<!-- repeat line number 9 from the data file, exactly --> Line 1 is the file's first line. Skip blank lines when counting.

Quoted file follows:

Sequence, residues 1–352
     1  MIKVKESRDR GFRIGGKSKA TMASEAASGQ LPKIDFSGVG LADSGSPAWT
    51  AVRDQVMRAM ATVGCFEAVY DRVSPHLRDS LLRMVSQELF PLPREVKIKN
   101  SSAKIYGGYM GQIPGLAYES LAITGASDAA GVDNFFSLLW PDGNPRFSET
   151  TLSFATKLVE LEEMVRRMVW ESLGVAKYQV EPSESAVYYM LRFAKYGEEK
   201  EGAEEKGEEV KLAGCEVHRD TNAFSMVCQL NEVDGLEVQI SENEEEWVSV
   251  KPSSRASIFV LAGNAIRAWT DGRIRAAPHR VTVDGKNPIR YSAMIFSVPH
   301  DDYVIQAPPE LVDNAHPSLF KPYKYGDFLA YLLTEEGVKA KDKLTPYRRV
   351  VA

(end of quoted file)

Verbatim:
   351  VA